Planting Crops - And Carbon Too

President Biden says farmers can adopt agricultural methods that help fight climate change.

Maryland farmer Trey Hill pulled in a healthy haul of corn last fall and then immediately planted rye, turnips, clover and other species, which are now spreading a lush green carpet over the soil. While his grandfather, who started the family farm along the Chesapeake Bay, always planted in the spring in a clean field, in Hill’s approach to farming, “you never want to see the ground.” And you never plough or till it.


As the winter cover crops grow, they will feed microbes and improve the soil’s health, which Hill believes will eventually translate into higher yields of the crops that provide his income: corn, soybean and wheat.


But just as importantly, they will pull down carbon dioxide from the atmosphere and store it in the ground. Hill is at the cutting edge of what many hope will provide not just a more nature-friendly way of farming, but a powerful new climate solution, reports The Washington Post.


In early 2020, he became the first seller in a privately run farmer-focused marketplace that paid him $115,000 for practices that, over the past few years, had sequestered just over 8,000 tons of carbon in the soil. The money came from corporations and individuals who want to offset carbon dioxide produced by their activities. Hill used the proceeds to buy equipment he hopes will allow him to squirrel away even more of the planet-warming gas.


If farmers throughout the world adopted similar “regenerative” methods, experts estimate they could sequester a sizable chunk of the world’s carbon emissions. The idea has been endorsed by soil scientists, a slew of food industry giants and, recently, President Biden.


Researchers and companies are now racing to reduce the scientific uncertainties and win over skeptics. Many scientists are confident that farming can be adapted to build carbon into soils, said Deborah Bossio, a soil scientist at the Nature Conservancy, an environmental organization. “We know how to do it,” she said.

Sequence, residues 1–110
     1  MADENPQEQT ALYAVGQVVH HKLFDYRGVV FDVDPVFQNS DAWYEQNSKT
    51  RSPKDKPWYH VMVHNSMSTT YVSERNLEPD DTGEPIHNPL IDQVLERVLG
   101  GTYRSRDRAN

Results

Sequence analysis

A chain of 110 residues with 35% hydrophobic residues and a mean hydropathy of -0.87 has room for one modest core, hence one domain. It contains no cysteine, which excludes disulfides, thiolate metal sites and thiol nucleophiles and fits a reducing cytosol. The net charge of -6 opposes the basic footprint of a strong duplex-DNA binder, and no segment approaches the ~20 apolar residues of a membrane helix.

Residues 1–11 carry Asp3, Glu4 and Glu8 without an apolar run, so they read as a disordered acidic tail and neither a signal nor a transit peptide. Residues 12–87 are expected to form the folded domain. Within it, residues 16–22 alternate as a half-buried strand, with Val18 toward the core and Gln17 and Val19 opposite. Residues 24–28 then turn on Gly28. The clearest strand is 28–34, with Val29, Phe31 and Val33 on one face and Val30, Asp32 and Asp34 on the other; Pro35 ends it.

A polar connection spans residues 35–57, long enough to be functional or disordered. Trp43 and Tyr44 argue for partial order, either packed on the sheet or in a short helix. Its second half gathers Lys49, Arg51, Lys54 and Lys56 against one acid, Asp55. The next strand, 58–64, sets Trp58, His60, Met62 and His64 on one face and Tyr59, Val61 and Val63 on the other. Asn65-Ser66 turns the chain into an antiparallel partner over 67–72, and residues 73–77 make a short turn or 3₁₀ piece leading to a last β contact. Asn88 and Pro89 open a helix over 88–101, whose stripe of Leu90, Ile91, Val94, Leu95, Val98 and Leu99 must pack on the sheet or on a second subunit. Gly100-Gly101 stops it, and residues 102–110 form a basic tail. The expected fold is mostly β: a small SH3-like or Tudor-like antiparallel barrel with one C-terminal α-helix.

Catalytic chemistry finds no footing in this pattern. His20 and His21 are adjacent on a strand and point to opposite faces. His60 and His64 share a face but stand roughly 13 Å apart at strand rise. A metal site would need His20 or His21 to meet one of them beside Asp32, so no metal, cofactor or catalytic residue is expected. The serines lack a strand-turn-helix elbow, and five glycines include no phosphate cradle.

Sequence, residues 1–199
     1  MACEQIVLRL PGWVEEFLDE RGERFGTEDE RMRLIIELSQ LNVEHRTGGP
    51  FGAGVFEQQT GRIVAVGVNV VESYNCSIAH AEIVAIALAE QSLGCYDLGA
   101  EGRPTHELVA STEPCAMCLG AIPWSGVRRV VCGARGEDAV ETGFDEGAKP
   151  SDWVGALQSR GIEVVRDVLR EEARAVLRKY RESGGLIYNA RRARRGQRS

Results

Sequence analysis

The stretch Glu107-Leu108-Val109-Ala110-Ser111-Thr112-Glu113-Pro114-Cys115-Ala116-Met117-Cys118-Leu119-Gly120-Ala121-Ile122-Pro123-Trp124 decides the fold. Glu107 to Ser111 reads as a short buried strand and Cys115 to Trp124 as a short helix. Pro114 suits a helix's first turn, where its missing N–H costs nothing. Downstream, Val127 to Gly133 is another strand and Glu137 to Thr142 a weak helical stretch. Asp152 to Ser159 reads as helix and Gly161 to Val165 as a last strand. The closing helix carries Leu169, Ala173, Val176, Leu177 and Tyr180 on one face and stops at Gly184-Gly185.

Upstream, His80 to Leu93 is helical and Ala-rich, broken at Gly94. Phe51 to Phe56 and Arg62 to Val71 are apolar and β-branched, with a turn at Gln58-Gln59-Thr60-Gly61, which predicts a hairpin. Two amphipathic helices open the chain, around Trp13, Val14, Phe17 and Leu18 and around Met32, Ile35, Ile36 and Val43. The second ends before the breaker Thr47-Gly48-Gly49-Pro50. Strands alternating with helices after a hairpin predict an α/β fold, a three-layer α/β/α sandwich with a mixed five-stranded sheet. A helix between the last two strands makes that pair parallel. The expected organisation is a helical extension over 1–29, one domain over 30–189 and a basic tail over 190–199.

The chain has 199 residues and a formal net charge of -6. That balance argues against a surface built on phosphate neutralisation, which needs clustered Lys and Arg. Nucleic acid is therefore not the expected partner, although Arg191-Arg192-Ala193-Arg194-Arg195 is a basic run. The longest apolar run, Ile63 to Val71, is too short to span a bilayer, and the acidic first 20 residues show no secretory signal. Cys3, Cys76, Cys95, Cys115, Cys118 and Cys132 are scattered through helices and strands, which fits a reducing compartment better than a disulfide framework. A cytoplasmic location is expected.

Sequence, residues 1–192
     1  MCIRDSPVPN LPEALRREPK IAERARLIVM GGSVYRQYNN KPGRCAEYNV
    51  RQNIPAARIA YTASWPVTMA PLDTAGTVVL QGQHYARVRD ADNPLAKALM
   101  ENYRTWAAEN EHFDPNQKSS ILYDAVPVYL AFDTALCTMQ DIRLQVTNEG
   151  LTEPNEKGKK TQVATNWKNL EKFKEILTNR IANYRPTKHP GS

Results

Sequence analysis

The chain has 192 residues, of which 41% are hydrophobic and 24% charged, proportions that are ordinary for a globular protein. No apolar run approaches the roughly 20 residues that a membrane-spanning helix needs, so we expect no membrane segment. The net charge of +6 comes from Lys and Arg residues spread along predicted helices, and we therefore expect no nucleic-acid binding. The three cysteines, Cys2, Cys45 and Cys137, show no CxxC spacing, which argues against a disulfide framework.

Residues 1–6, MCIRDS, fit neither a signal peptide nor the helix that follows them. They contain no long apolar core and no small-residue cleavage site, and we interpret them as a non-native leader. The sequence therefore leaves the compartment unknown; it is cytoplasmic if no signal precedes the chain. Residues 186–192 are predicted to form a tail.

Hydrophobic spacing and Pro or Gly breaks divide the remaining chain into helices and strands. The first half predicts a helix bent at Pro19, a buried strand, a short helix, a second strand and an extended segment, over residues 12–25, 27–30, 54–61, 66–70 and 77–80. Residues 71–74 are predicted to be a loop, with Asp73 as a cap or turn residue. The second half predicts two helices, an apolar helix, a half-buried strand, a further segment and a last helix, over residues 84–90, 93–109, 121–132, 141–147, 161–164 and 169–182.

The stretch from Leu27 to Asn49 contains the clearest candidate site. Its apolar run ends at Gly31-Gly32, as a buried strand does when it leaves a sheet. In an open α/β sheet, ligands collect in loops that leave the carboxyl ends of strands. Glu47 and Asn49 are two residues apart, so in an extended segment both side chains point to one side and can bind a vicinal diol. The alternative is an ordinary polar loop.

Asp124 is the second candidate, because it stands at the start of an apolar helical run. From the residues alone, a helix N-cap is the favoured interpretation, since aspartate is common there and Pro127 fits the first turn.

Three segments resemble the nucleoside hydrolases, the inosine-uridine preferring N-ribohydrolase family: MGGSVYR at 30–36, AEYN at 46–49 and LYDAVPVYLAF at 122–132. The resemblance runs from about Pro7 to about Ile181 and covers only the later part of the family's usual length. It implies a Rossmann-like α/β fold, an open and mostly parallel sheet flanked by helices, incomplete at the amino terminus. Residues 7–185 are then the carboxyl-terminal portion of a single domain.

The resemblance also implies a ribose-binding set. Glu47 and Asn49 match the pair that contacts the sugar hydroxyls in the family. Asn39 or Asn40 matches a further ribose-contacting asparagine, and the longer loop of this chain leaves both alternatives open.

Agriculture has done a masterful job of feeding the world’s burgeoning population. It has been less wonderful for the climate. For thousands of years, plowing has mixed underground carbon-containing compounds with atmospheric oxygen, creating carbon dioxide, the main greenhouse gas that is driving global warming.


As scientists came to appreciate the threat posed by climate change over the past few decades, some wondered whether carbon already in the atmosphere could be captured and returned to the soil. A team led by Bossio estimated in early 2020 that if soil was protected and replenished globally, it could provide nearly 10 percent of the planet's carbon dioxide drawdown.


Soil carbon building practices, loosely gathered under the term “regenerative agriculture,” have been practiced for decades, or centuries in some places. Planting without tilling the soil took off after the devastating Dust Bowl in the 1930s spurred a search for ways to avert further soil loss, and the practice now includes more than a fifth of U.S. farmland.


Hill, who farms 10,000 acres, admitted he got into cover crops purely because the state paid him. “We had no intent of doing it for climate,” he said.


But he has since become a true believer. He now mixes rye and other fast-growing grasses with legumes such as clover and lentils, whose roots host nitrogen-fixing bacteria. He also plants root crops such as radishes and turnips to loosen and aerate the soil. While most farmers kill their cover crops in March, as soon as the state allows, Hill lets the plants grow taller than he is, to maximize root mass and carbon gains. He kills them just before planting his cash crop in May.


“The longer the cover crop is alive, the better off we all are,” he said. “Soil health,” he said, “should be the solution to climate change.”


If farmers were paid for the carbon accumulating in their soils, they would have greater incentive to adopt climate-friendly practices, Hill said.

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